A precocious and outgoing child, Tony would befriend monks and follow them during their morning alms walk. “The monks would take pity on me and give me some of the food that had been offered to them,” he says, earning him the nickname of mah wat, or temple dog.
After almost five years spent in the Thai refugee camp, the Inthavongs arrived in Sydney in March 1988 with the equivalent of $7.20 in Thai baht. “But I was happy because my children were going to have a better life,” says Thongsy.
After enduring the hardship of a refugee camp, Australia was heaven. “Australia has so much meat and it’s so cheap,” he says. One of the family’s favourite treats was Thongsy’s Lao sausages, which he’d make with a generous amount of Australian pork. The new country held endless opportunity and the Inthavongs worked hard. Thongsy did two shifts at the local Vietnamese bakery and even Nicky, who was 12 at the time, used her elder sister’s identification to get a job washing dishes at a Cabramatta food court.
The family initially settled in the Cabramatta area. “Our Australian neighbours were so good to us; they gave us bikes, toys, food and invited us to barbecues,” says Thongsy. To repay the generosity, he would wake son Tona at 3am on rubbish collection mornings to wash and take in their neighbours’ bins, and on weekends, they would mow their neighbours’ lawns.
But it was the height of Cabramatta’s drug problem and Thongsy feared his children, especially the boys, might get caught up in the scene. He moved the family further west, eventually buying a home in Raby, near Campbelltown. By then, they owned a subcontracting sewing business.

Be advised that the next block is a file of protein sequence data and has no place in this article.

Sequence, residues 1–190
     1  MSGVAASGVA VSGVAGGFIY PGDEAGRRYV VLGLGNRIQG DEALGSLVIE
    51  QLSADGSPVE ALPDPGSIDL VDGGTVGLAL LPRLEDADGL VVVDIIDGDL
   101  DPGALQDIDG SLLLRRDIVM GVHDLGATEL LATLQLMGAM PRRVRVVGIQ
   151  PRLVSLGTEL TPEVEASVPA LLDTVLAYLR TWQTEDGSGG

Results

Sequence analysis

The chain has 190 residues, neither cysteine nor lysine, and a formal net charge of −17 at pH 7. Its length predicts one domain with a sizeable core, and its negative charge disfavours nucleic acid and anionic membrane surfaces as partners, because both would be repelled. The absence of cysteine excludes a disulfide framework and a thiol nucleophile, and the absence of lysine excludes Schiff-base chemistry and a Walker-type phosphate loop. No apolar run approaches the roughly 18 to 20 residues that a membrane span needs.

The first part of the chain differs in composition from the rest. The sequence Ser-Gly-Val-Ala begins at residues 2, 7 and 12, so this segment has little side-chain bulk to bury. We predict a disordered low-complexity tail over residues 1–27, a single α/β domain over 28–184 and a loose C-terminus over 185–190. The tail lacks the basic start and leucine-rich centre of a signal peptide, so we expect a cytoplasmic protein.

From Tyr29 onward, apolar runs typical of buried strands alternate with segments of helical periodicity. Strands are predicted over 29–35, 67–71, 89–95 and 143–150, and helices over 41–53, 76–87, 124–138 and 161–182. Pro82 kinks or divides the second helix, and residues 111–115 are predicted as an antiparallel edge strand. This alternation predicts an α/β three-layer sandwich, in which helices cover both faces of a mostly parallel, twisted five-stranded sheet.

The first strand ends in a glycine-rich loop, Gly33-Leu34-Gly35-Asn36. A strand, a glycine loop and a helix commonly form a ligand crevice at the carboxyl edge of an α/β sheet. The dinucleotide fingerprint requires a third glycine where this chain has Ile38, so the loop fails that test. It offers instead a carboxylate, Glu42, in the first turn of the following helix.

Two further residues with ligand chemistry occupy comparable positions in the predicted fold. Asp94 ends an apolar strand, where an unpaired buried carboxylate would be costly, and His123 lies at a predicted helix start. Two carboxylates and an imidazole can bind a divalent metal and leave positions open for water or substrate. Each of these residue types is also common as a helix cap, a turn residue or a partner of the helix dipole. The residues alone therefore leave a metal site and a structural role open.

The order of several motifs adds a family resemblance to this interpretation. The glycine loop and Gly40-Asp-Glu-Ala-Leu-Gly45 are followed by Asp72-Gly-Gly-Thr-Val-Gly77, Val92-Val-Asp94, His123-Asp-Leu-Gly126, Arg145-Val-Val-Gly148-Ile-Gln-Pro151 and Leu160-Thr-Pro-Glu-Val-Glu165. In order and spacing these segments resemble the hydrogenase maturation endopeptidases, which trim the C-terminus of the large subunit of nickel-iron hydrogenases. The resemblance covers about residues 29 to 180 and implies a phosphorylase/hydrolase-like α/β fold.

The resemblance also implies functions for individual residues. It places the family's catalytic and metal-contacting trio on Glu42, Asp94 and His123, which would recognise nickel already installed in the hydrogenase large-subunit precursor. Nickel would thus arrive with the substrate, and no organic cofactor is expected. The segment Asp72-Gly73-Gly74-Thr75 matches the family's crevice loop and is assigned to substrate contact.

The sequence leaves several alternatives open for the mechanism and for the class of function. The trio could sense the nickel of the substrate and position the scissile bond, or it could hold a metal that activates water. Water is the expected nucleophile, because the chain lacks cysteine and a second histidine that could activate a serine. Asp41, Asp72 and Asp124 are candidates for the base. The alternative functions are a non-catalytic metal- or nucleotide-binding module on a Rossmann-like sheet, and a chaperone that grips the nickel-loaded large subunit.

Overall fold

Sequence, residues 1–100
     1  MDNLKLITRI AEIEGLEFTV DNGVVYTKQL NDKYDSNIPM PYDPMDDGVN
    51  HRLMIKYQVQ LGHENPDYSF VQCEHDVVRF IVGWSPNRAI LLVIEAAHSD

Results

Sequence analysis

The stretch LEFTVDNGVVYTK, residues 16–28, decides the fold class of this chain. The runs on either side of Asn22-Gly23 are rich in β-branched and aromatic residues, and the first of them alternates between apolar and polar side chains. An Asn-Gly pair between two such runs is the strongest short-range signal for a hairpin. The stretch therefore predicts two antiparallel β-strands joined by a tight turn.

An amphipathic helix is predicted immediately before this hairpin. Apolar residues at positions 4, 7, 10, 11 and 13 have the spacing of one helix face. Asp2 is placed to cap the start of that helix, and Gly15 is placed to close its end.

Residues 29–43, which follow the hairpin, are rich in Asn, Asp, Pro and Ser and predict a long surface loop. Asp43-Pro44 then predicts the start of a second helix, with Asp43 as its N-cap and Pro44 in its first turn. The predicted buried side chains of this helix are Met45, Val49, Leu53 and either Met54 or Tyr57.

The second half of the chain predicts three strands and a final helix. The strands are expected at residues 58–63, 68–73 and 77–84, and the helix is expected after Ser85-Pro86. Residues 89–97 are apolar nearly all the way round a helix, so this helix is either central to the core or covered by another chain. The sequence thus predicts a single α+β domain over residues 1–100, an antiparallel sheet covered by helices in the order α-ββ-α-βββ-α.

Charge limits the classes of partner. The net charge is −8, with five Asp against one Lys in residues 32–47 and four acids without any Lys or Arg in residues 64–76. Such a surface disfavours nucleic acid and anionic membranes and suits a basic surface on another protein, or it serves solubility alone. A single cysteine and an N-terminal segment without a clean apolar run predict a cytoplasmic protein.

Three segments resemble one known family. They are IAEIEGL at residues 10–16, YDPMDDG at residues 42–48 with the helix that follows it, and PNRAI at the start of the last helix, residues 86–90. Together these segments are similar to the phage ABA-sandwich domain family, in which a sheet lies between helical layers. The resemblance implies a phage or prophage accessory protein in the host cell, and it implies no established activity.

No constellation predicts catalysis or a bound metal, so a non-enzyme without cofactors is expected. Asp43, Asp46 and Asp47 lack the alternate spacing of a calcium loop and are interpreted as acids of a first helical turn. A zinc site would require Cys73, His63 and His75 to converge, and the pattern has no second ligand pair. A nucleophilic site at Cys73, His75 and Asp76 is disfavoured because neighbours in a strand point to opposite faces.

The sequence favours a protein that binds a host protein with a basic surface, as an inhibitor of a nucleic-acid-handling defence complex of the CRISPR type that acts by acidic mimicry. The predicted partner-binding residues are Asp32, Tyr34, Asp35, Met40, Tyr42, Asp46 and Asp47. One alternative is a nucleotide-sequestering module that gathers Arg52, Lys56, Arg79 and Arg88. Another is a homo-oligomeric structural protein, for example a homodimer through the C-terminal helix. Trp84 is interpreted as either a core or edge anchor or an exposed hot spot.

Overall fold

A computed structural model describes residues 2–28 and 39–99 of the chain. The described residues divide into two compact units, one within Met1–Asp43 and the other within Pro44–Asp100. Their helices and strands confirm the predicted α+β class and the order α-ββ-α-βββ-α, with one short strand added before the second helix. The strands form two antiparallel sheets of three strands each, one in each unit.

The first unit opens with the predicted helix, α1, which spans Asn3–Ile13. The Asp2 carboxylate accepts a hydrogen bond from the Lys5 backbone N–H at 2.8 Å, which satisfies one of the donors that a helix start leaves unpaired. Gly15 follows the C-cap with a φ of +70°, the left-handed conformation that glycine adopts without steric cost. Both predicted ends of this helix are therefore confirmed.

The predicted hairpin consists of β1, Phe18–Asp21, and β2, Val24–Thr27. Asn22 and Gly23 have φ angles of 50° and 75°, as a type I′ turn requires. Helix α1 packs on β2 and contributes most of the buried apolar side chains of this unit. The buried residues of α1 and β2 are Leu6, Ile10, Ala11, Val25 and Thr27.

Tony, street-smart and proud, had trouble adjusting in school. “I got kicked out of school when I was 14… when you don’t have nice shoes and all that, you’d get teased and I was always getting into trouble,” he says. After completing a panel beating apprenticeship at 19, Tony opened a smash repair business in Smithfield. The money rolled in, but Tony spent even more. Growing up in a refugee camp with nothing, now flush with his own money, he wanted to spend – on himself, his family and friends. “Sometimes my mates and I, we’d go into the city and I’d blow two to three thousand on dinner,” he says. His spending became unsustainable, and, at 24, he lost the business.
“Thongsy still makes beef jerky and Lao sausages daily, and instead of hiding gold, the restaurant’s bamboo baskets only contain perfectly cooked sticky rice.”
So, he turned to his other passion: food. He started as a kitchen hand at Luke Mangan’s former restaurant Moorish, initially washing dishes and eventually climbing the ranks to work the grill. The experience convinced him an upmarket restaurant in Sydney’s south-west would work.